“But I think for the long term, it is a boon to Maui in terms of getting more efficient and getting more services, being attentive to the community and not having to go the Legislature for everything,” Baker said, adding that “it could not have worked if it stayed in the state system.”
“Procurement is easier — there’s just a lot of things,” she said. “The private sector is more nimble.”
In terms of accountability, Baker added that Maui Health System has a board of directors and is “beholden to the community to make sure that they have happy, well paid” employees.
“You can’t run a hospital without them,” she said. “I just don’t believe that our nurses will not be well compensated. It might take them a little longer, but at the end I expect that they’re going to be appropriately compensated.”
The long haul
Baker said she’s taking the long view and believes the issues that have arisen are more growing pains than signs of systemic problems.
“I believe it will evolve into the kind of health care setting and health care provider that we want it to be,” she said. “There’s always room for improvement no matter what you do in the bargaining process or the operating room or the emergency room or the patient bedside. It’s just a dynamic situation.”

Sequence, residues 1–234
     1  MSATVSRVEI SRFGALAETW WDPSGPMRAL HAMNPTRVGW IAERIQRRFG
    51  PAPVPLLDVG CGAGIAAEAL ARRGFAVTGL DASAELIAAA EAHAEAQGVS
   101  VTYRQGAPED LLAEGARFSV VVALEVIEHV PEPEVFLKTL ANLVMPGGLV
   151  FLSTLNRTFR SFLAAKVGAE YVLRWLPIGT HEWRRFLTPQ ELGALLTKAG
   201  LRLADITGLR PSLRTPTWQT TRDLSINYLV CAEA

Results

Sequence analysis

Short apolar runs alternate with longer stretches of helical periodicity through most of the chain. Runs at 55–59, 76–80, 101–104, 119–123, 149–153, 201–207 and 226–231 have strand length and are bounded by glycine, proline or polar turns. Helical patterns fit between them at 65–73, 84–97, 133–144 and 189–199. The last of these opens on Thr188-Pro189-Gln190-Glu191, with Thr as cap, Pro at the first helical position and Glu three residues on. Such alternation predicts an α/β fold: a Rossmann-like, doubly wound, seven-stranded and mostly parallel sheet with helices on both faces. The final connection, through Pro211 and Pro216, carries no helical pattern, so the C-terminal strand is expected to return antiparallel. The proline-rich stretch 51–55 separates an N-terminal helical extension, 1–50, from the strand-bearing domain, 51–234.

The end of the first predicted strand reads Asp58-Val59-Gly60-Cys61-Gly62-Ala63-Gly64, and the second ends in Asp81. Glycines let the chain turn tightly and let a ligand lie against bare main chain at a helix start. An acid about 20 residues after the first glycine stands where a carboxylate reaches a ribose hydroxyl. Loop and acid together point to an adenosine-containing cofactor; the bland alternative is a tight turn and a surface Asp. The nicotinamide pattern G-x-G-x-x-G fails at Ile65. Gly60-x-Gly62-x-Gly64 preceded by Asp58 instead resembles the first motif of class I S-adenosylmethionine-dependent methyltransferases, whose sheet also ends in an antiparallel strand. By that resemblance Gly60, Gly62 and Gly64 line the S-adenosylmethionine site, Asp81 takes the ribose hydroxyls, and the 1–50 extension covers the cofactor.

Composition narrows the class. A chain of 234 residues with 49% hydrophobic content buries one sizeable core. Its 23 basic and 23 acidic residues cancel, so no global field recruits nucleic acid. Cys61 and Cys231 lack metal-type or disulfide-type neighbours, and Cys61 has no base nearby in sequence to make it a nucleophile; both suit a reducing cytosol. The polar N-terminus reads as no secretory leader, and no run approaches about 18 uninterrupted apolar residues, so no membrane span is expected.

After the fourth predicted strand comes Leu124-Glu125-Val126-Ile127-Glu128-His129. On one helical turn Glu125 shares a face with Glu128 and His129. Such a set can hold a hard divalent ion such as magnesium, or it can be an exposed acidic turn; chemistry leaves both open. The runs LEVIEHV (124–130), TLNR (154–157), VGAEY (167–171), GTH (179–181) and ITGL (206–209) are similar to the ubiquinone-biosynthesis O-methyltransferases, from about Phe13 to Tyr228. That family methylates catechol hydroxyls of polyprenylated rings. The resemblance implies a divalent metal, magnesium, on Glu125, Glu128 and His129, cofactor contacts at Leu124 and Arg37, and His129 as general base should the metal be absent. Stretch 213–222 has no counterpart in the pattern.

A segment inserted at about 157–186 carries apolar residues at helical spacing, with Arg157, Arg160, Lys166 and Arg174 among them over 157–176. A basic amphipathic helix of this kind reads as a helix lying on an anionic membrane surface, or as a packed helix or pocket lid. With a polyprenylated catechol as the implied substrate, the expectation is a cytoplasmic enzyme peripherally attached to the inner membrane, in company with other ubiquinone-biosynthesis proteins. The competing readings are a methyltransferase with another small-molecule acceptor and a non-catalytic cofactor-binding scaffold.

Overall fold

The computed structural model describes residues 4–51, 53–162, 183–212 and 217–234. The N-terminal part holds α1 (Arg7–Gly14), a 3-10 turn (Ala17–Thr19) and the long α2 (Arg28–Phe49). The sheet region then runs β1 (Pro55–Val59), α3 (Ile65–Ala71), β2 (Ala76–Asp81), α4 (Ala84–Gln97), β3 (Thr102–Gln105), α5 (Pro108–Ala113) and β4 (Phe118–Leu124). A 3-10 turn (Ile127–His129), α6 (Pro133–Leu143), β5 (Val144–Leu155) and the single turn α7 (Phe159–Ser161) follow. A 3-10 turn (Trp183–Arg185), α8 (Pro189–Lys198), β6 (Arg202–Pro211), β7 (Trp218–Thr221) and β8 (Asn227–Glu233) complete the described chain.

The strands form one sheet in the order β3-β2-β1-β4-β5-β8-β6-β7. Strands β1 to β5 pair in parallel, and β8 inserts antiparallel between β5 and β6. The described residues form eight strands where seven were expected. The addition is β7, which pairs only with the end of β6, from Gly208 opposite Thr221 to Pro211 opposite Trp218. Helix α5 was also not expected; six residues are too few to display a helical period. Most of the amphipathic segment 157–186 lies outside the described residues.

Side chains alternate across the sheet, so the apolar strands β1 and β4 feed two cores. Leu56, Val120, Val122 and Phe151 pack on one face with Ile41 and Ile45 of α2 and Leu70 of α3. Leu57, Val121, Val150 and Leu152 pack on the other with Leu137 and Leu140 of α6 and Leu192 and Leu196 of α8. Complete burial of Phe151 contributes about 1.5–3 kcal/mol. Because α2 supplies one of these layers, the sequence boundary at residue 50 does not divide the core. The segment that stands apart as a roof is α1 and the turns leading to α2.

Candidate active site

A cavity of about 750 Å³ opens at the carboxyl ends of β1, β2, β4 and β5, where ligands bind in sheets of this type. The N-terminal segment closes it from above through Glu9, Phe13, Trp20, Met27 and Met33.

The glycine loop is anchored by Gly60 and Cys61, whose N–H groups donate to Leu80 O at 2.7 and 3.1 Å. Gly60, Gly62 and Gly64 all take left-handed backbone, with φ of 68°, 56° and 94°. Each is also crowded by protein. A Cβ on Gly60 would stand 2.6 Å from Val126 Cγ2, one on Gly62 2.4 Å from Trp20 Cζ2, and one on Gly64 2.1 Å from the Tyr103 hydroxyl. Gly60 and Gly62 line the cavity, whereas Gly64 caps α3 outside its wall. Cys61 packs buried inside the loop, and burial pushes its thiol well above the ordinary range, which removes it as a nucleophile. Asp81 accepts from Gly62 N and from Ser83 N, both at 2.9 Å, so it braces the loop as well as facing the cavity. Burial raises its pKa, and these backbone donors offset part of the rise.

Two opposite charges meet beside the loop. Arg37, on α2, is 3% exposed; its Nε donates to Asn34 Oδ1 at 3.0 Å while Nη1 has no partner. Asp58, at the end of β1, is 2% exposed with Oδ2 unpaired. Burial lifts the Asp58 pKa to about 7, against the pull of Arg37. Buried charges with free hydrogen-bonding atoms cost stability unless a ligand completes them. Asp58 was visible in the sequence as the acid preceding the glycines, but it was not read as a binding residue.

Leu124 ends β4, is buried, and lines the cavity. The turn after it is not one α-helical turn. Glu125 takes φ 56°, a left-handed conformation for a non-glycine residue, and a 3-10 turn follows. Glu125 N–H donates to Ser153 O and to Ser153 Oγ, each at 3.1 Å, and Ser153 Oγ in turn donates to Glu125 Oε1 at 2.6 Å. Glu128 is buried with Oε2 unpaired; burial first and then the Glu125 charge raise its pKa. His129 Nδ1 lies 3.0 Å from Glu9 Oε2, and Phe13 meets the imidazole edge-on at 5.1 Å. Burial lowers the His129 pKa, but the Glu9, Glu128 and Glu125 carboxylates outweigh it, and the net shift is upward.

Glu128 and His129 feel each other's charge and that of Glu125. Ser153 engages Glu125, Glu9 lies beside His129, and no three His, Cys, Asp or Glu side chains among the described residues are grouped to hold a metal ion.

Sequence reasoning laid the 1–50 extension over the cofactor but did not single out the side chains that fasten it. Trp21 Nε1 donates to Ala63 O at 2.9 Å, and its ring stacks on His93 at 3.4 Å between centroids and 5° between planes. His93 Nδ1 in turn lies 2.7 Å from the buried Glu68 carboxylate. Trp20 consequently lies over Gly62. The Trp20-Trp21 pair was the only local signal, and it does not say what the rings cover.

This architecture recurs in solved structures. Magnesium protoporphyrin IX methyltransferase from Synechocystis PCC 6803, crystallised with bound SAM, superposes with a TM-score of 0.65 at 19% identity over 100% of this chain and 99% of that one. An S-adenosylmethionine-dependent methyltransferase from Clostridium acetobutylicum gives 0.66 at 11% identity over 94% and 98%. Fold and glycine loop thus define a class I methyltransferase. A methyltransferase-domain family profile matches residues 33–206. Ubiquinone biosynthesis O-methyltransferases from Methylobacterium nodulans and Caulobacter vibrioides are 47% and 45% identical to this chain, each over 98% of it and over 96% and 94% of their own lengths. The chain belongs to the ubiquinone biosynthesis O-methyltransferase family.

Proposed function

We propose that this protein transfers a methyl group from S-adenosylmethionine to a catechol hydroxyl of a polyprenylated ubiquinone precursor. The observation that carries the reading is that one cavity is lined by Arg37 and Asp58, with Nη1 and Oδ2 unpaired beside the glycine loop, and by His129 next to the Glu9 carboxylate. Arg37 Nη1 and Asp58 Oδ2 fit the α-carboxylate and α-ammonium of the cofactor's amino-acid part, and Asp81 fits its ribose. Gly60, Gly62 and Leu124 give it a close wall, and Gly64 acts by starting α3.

Chumbley said what he hopes to see moving forward “is their commitment to do as they promised to do in their proposal, which was to expand physician and specialty services, to create policies that limit out-migration to Oahu.”
Rembis said Maui Health System is “looking at creating a cancer center and inviting all the oncologists in the community, perhaps, to practice together in one location where chemotherapy can be provided as well.”
“That’s one of our goals for 2019,” he said. “I think right now our focus is, let’s take the great assets the state has leased to us, improve them . . . and then find some things like an oncology center that will be additive as well.”
The nurses said they’ve seen some positives. For example, Maui Memorial is now giving new mothers private rooms, provided they’re not at capacity, and allowing visitors to stay overnight. Maui Health System also has made efforts to show employee appreciation — offering free coffee in the mornings, recognizing workers with awards and expanding healthy offerings in the cafeteria.
However, employees said the changes are often more “aesthetic” than anything substantive and geared more toward the moneymaking departments. They worry the hospitals will continue to lose workers if contract issues persist.
“It just breaks my heart to see all these experienced nurses leaving because conditions are not good,” one nurse with 22 years of experience said. “I want it to get better. I have never been through a transition, but I feel like there’s a big disconnect between nurses and administration.” Another nurse with 27 years of experience said that she doesn’t want to make patients afraid to come to the hospitals, “because in all honesty, we’re busting our butts to maintain a positive attitude.
“I really try to not let it affect patient care,” the nurse said. “But I can’t sit there and say, ‘Aren’t you glad that Kaiser is here?’ “
* Colleen Uechi can be reached at firstname.lastname@example.org.